I went back down to the beach. The sun was almost gone, the surf farther away, the joggers kept coming and I thought, Life never quits, does it? It keeps coming at you come war or come boredom, come the birth of a child or the daily commute, it pounds away at you until you're history. Within 100 yards of me in either direction 3000 guys had died 60 years ago. Not even close to what the Russians lost daily for a year in WWII, not even close to Cold Harbor in our Civil War but numbers counted in places like this are a kind of obscenity. Sometimes, you shouldn't try to add up what you know.
  They fought. They walked, they ran, into those guns.

  In an age of endemic hyperbole - "Godlike dark roast, Greatest Dub step in History, Possibly the finest remake of Spiderman yet!!"  I think it's fair now to say they actually saved a civilization. 
  We must, until we are the ninety somethings, doddering in a defiant row, fight to tell their tales. 

Wednesday, May 28, 2014

Memorial Day

  I had dinner alone in a swank restaurant in the basement of a hotel built in 1850 in Milford PA last week. Guy who built it started Delmonicos in NYC before the Civil War. Bartender went to find me a copy of the Times - "Look no offense but I just can't watch you read off your phone, man"- but they'd thrown it out so he grabbed the local weekly. "I mean if we're gonna talk and all." I agreed. He was a Mets fan, from Brooklyn, if you couldn't tell. 
  Things I learned reading the Pike County Register over some fine spiced kale and a decent ribeye.
  Did you know Norway used to be run by Sweden? Till like 1910.
  Did you know their used to be 4 billion chestnut trees up and down the Appalachian corridor? Then came the fungus.
  Did you know:
  It's 60 minutes from Milford to the nearest hospital with a maternity ward. A local author gave birth halfway along the ride. "I'd like to thank the good officers of the Jersey State patrol for helping my husband and I as we waited to deliver the placenta."
  French Huguenots settled along the upper Delaware in the early 18th century. There's a red brick church in…umm "Huguenot" NY….. that their descendants are trying to save. A good number of them are catholic.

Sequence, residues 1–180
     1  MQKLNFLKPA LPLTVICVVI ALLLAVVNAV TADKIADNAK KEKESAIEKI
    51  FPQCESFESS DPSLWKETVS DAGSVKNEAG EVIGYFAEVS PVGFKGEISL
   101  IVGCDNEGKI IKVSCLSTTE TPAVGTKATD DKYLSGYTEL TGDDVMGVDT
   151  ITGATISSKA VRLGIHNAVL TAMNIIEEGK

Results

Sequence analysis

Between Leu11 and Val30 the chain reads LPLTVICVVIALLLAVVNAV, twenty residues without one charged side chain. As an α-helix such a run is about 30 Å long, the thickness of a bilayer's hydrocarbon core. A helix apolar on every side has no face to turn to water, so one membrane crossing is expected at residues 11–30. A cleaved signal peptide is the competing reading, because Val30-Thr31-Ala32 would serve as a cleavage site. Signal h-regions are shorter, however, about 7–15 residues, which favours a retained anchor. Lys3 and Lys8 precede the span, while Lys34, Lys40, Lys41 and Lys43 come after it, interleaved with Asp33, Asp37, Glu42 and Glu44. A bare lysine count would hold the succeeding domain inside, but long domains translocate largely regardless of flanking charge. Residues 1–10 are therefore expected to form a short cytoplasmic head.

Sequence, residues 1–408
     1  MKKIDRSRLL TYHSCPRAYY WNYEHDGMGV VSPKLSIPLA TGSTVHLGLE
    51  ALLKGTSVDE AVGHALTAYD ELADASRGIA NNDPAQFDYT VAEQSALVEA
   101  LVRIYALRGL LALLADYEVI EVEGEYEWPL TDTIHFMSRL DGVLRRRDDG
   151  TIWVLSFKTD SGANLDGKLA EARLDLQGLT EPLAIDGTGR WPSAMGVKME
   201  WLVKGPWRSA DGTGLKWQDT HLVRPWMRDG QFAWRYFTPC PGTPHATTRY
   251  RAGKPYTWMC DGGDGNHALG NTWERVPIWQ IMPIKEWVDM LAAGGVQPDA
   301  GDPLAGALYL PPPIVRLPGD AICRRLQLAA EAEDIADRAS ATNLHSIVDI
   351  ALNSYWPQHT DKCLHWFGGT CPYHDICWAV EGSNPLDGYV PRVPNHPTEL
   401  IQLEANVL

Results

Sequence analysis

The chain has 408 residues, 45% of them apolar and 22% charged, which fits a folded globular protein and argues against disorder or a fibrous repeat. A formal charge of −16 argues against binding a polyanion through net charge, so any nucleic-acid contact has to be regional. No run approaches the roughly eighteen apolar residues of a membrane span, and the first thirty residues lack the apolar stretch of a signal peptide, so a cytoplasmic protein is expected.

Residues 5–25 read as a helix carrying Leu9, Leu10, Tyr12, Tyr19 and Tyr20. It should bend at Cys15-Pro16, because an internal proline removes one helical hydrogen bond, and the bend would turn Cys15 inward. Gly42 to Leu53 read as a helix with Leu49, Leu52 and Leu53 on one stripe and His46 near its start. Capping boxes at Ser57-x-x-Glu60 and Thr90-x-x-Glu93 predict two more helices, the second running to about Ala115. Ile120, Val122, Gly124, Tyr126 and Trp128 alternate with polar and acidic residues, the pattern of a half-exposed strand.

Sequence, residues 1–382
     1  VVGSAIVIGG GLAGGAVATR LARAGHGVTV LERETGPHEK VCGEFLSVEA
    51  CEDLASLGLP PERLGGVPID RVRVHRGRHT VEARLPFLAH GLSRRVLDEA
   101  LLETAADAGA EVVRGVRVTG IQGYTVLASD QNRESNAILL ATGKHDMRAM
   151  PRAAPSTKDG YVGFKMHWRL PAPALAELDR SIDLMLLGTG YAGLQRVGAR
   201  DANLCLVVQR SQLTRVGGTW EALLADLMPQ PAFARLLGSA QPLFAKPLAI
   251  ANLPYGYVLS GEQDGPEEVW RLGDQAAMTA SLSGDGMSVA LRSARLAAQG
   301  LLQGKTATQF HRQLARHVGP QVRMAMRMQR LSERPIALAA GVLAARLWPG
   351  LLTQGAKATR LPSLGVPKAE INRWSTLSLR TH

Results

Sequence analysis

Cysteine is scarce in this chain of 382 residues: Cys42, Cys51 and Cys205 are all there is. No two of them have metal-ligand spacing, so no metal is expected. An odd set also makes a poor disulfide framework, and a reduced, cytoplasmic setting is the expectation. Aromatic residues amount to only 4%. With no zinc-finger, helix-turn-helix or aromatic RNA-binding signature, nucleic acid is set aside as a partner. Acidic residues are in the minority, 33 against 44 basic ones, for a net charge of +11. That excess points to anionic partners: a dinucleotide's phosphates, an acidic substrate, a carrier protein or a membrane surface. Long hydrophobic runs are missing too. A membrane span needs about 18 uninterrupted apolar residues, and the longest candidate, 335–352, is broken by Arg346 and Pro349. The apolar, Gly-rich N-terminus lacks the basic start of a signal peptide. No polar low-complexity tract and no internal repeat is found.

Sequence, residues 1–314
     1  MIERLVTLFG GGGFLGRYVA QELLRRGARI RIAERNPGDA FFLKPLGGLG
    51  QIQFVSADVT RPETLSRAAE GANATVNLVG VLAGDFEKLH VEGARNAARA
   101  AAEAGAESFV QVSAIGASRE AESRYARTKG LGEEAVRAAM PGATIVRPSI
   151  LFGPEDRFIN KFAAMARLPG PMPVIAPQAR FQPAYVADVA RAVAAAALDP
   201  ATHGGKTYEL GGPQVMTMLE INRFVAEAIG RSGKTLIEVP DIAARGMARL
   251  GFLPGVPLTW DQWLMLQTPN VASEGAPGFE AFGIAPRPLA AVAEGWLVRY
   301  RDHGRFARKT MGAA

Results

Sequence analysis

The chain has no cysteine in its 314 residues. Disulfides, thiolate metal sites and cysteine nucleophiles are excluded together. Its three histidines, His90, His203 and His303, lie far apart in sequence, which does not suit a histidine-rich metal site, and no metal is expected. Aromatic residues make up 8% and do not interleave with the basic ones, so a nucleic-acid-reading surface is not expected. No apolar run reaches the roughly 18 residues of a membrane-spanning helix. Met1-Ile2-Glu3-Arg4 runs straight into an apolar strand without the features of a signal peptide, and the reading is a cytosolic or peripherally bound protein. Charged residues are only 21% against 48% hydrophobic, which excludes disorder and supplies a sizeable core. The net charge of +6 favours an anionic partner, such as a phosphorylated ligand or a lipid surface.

Did you know the Delaware Water Gap was gonna be an inland sea- dammed up for the tap water benefit of Philly and NYC- until they realized the place they'd picked for the dam would have failed. So the Fed did an about face to save face and said it was supposed to be a national park all along.
  JFK signed the law. At a house about 3 miles from my barstool. Grey Towers. I went up the next day to see the place and talked to the gardener for 20 minutes, which was far more informative than the tour. He was 14 when Kennedy got up to speak, happy simply to be out of school, "He landed right over there on the big lawn. Spoke right here in front of the records building. Under the Copper Elms…..and then, who knew, they shot him a couple weeks later…"
   I didn't ask but when he went on less about the great home of Gifford Pinchot founder of the National Forestry Service and more about what a tragedy LBJ was, I did the math. 14 in 1963. 18 in 1967. Small town. Not much for the books. Vietnam. 
  Rich was his name. Lanky, sunbaked, happy to be the care taker of the mansion he'd watched fall apart as a boy, playing in its ruins. "We put 30 million into it, bought back 400 acres, used local materials again and local people just like Pinchot's dad did way back. It's a rock."
   I liked that when he said "we" he meant the Federal Government.
   He walked me thru the forest Pinchot had planted - "By God I do wish I could return in a hundred years and see my trees.", the old man had famously said - at least that's what Rich said- but as we climbed thru the Pines and the Elms and the Maples and Cherry trees 4 feet in diameter, I thought about all the times I've gone hiking back East in the parks and state game lands of my youth and how you realize it was all clear cut, was all scoured fields and mountainsides of nothing for so long until guys like Pinchot pounded it into people's heads that if you erase the forests you'll drown the towns and destroy your farms and end up in a wet desert.
  Look at photos from the Civil War, look at panorama shots on the opening days of the great museums and libraries of the Progressive age, and what you might notice is the things stand in barren ground.
    There were no trees. We'd cut them all down. We mowed Pennsylvania. What you walk thru now unless you're deep, deep in the woods is third and fourth growth replanting, or random species that have blown in and can live on nothing.